The truth behind free markets
In 2009, my high school class mate Hao Yi Ong and I won the Second Prize in the Singapore Statistical Poster Competition, organized by the Department of Statistics and Applied Probability at the National University of Singapore.
Our poster, entitled The Truth behind Free Markets, statistically examines Adam’s Smith classical liberal view that “basic institutions that protect the liberty of individuals to pursue their own economic interests result in greater prosperity for the larger society.”
We suspect that although greater economic freedom may benefit a nation’s economy, these benefits may not be directed to all members of the society: the rich get richer and the poor get poorer. We test this by performing hypothesis testing on the relationship between the purchasing power parities, Gini coefficients and indices of economic freedom for 150 countries.
From this study, we conclude that overall, greater economic freedom does play a significant role in contributing to greater prosperity for a nation. However, as many critics have pointed out, the inherent problem of the world is not that there is not enough economic freedom. Rather, there is no guarantee that even if nations were to embrace it, they will become better as a whole because there is no equality within the society due to exploitation and corruption. We believe that only through a political system with institutions that protect the liberty of the people can a free market system work and provide for an equal (in terms of opportunity) and just society.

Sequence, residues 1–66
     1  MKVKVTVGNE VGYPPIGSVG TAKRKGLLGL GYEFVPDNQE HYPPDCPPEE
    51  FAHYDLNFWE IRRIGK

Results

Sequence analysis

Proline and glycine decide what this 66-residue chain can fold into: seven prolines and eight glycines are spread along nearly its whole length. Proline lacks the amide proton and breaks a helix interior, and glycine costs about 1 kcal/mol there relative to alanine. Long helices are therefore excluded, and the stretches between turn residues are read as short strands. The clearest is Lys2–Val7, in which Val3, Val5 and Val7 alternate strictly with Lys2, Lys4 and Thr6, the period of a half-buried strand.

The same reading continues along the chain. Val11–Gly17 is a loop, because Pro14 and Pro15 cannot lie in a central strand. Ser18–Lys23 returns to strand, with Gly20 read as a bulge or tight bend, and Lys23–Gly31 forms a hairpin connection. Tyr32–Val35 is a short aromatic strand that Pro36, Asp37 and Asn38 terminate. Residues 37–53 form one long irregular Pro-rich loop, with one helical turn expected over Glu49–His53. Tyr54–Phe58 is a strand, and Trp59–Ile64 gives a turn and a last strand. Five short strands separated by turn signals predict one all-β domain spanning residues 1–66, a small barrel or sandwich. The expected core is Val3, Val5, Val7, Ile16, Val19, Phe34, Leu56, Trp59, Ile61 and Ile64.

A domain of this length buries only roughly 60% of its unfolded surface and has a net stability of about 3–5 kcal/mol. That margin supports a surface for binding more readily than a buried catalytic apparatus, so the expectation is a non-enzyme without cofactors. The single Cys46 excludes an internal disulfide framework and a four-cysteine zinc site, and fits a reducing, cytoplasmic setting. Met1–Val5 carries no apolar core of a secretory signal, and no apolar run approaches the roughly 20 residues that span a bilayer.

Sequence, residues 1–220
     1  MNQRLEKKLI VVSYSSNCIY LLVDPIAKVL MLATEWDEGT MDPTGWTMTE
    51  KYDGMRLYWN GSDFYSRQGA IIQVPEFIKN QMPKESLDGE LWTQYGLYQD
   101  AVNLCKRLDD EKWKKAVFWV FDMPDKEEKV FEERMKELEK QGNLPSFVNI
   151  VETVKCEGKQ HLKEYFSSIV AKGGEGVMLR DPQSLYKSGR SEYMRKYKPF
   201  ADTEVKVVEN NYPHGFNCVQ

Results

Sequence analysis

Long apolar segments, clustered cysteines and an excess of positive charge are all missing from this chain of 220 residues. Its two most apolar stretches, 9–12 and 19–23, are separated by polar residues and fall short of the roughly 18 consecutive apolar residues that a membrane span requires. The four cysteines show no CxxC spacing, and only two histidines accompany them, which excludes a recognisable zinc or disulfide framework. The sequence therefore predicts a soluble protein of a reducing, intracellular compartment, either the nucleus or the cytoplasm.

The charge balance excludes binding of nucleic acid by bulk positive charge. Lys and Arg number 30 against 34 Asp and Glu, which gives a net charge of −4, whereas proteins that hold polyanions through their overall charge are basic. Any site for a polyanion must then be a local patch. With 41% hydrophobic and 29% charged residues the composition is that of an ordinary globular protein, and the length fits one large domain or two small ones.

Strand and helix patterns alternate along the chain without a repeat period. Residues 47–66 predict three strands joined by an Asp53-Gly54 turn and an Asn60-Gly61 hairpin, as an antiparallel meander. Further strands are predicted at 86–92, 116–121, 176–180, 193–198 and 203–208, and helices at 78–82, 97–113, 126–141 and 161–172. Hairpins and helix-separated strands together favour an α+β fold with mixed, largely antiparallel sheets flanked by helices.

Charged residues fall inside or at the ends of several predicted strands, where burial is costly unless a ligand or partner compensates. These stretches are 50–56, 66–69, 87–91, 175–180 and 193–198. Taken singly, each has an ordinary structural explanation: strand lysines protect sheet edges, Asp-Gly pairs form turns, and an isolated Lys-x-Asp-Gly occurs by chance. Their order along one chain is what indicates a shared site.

For more details, please see our detailed report or the poster below.
I designed the poster in CorelDraw, a popular vector graphics program, and did part of the statistical analysis. I really enjoyed making the poster (my first time using CorelDraw) and applying what I learned in my AP Statistics class (warning: large image size).
It was a pleasure to work alongside a dedicated team member like Hao Yi who also worked with me in the Singapore Space Challenge 2009. He graduated with High Distinction from high school and received both a bachelor’s and master’s degrees in mechanical engineering from Stanford in 2015. He’s currently a data scientist at Lyft in San Franscisco.